How to Serve a Full Course Meal

Serving a full course meal requires understanding what each element is and what it consists of. A formal meal can be a small course of a plate or multiple course of dishes. A full course meal consists of many courses most probably a formal meal has many courses too. This article explains how to present a full course meal.


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    Serve an amuse bouche. This element of the meal is served before the appetizer. Amuse bouches are very small, bite sized savoury items.
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    Serve appetizers (often known as entrée in British/Australian cuisine). The appetizers, also called starters, are the first course of a meal. Appetizers are served in small portions; this is important because quite a few more courses will follow.
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    Serve a salad course. The salad course is sometimes served in addition to an appetizer, sometimes it is the appetizer and sometimes it is served at the end of the meal following the entrée (main course), before the dessert. Salads are light enough to satisfy, but not to fill up a diner before they get to the rest of their meal. Salad courses as a separate part of the meal are not common in UK or Australian/New Zealand cuisine.
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    Provide a soup course. A soup can be anything from a light, clear broth to a hearty puree, depending mainly on the season. The type of soup offered is often determined by what is to follow in the meal.
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    Serve the fish course. Many formal meals feature a fish course in addition to the main meat course. This is particularly so in British cuisine. The fish course can be just as elaborate as the main feature of the meal, which, confusingly can also be fish, but the specific fish course will usually be lighter and smaller than any fish served at the main course.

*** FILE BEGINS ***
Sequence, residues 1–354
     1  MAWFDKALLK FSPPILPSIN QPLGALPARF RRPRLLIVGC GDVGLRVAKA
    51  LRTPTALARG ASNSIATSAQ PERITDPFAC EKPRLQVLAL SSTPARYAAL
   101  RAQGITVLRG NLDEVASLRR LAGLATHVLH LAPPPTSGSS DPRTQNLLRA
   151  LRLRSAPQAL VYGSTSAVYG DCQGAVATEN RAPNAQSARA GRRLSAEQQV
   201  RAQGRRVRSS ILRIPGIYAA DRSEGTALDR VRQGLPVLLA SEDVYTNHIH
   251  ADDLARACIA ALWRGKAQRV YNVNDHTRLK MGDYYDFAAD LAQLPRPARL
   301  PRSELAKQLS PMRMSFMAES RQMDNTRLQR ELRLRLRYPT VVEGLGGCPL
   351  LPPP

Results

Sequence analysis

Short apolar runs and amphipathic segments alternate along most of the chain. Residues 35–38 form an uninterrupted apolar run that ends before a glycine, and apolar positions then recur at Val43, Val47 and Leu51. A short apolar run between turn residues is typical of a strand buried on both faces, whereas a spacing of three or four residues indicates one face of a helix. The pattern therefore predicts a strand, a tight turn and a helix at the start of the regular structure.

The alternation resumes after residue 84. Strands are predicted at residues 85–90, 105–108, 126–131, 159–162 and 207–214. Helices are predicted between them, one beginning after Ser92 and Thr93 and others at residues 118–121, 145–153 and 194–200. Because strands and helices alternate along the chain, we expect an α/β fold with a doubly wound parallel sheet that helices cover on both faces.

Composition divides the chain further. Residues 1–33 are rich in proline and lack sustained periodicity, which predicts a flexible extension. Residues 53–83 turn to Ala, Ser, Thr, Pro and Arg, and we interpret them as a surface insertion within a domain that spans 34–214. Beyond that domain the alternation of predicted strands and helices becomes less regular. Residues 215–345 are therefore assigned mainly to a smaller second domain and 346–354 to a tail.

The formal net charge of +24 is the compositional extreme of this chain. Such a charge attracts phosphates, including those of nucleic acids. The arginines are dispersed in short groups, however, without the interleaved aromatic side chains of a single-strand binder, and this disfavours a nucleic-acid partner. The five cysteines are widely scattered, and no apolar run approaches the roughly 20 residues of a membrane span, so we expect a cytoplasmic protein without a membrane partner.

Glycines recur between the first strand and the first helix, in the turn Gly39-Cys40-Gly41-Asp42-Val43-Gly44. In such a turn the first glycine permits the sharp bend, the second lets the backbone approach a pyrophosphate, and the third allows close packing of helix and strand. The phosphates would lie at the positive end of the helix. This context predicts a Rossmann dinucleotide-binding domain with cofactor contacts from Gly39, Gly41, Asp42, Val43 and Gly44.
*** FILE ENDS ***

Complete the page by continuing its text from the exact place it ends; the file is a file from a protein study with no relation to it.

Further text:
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    Serve the main course or entrée. The main course or entrée usually consists of the largest portion of the meal and, in many cases, features some type of protein. Sometimes a meal is divided into multiple entrees/main courses, such as a fish and a meat course, but generally there is only one main course.
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    Serve a cheese course. If a cheese course is being served, it is usually done after the entrée and before, or in lieu of, dessert. The cheese course can be as simple as one piece of cheese on its own or as elaborate as a sampling of numerous cheeses along with various accompaniments such as bread, fruit, and nuts. It is also possible to serve a cheese course after the dessert course.
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    Serve the dessert course. The dessert course always features something sweet and is designed to round out a meal and satisfy the craving for sweetness that many people have after eating savory foods.
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    Serve the mignardises or petit fours. Mignardises are tiny, bite sized desserts like cookies, candies, or tarts that are sometimes presented at the end of a meal as a final small treat. An after dinner chocolate-mint wafer is another standard option. These can be served with coffee.


  • Keep the full course meal for exceptional and special occasions. They contain more food than is healthy to eat on a regular basis.
  • Realize that there are many variations on what consists of a full course meal, depending on culture, location and country.
  • Remember that some people will have dietary needs that differ from the standard full course meal, such as gluten-free, vegetarian or non-allergenic foods. It is wise to ask in advance and to have special foods on standby, just in case.


  • Do not force guests to finish or even take a particular course. Not everything will be to every diner's liking.

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Categories: Food and Entertaining